Testing in the Lab
MEC lab guru John Shen manipulates the machines and devices that grade potential components of MEC gear.
Innovation in product design not only ensures high function in our gear but success in our journey towards environmental sustainability. By choosing lower impact materials and production techniques, we are working to reduce our ecological footprint on the planet.
We've established a set of guidelines to distinguish products that use a significant sustainable initiative. We originally identified MEC-brand gear that fits these criteria. Now we've expanded it to include other brand partners who have proven that they follow the same guidelines.
Looking closely at fabrics: bluesign®
Making performance outdoor clothing requires some complicated chemistry. Lightweight fabrics that breathe and shed water are often made from complex polymers and use specialized chemical treatments. Even natural fabrics like cotton and wool are chemically dyed and finished.
The designers at MEC know a lot about what these fabrics do. We test our fabrics and prototypes to make sure they meet performance requirements. But these tests don't tell us anything about the stuff in the fabrics or any effect their manufacturing may have on the environment. We don't actually have the knowledge or facilities to do such testing. So we've chosen a knowledgeable partner who does, bluesign technologies of Switzerland.
Bluesign provides independent auditing of textile mills. They examine the manufacturing process from raw materials and energy going in – to water and air emissions going out. Audit findings are ranked in order of concern, and they suggest ways to reduce consumption, and recommend alternatives to harmful chemicals or processes wherever possible. Mills that commit to verifiably adopting their recommendations earn formal bluesign system partner certification.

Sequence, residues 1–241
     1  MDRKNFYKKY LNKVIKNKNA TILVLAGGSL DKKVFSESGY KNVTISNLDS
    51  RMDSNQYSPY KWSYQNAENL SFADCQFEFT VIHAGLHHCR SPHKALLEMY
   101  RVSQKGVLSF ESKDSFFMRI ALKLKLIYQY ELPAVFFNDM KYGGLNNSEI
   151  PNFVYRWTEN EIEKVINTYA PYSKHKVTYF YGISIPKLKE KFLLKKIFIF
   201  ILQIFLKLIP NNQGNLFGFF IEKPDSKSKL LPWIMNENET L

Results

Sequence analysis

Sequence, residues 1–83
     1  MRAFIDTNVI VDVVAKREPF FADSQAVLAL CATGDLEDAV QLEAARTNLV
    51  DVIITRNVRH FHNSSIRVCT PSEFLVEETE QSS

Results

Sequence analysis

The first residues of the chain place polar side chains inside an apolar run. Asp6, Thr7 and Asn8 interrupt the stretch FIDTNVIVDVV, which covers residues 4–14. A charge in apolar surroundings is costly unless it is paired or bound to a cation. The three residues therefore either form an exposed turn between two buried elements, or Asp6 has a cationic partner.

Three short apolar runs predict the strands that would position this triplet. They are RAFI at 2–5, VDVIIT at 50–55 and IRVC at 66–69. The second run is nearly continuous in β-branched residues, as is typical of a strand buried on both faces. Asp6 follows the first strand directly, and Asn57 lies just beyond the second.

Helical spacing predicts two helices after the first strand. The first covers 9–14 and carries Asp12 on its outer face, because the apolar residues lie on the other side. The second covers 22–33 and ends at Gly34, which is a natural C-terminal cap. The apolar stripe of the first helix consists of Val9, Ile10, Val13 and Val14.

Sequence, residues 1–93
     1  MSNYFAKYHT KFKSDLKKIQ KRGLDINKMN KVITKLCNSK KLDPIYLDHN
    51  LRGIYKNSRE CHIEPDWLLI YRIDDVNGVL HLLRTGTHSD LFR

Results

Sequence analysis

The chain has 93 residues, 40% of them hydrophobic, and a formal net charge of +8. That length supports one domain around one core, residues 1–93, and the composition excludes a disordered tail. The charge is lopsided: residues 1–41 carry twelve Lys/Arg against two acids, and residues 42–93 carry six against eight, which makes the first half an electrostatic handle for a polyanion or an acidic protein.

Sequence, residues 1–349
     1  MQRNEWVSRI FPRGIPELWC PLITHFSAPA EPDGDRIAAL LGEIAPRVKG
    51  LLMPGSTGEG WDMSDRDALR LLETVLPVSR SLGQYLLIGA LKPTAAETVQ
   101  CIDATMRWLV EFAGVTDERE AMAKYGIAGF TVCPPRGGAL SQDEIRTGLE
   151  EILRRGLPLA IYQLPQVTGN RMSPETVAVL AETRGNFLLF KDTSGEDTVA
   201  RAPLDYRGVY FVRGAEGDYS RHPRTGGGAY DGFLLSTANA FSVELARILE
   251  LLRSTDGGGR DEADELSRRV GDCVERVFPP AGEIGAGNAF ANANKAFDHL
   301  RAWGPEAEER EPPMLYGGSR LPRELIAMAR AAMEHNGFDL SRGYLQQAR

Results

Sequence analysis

The process of auditing a textile mill or raw material supplier follows several steps:
- Bluesign completes a thorough questionnaire with each factory and designs a screening procedure tailored to the facility.
- The mill agrees to undergo screening, an examination of every component and process that goes into the mill's products. It covers raw materials, energy use, emissions, and effluent.
- After the screening, bluesign communicates their findings and recommendations to the mill. Whereever possible, they recommend benign alternatives to problematic chemicals and components. (They maintain a continually updated list of such safe components called the bluefinderTM.) Where no bluefinder alternatives exist, they recommend ways to mitigate harm and control chemical outputs.
- The mill signs a binding contract agreeing to implement the recommended changes according to a specified timeline. This makes them a bluesign System Partner.
- As each recommendation is implemented, the mill submits the material for bluesign approval.
- At a designated time, the mill is re-screened to verify the changes have been made and that all components are being selected from the bluefinder.
Partnerships and Alliances
Earning bluesign approval costs mills and raw material makers time and money. They have to be convinced they'll get a return on their investment in the form of increased demand for their products from clothing manufacturers like MEC. But, as we are a tiny player in global terms, we try to "punch above our weight" by building alliances with other manufacturers and retailers to increase worldwide demand. It's a journey we've just begun. At the end of 2007, only 15% of the 48 mills we use had been or were being screened. Our target is to audit 70% of our mills by 2012.
Our long-term aim is to see bluesign certification become the world standard. We think that will make the world a bit of a better place.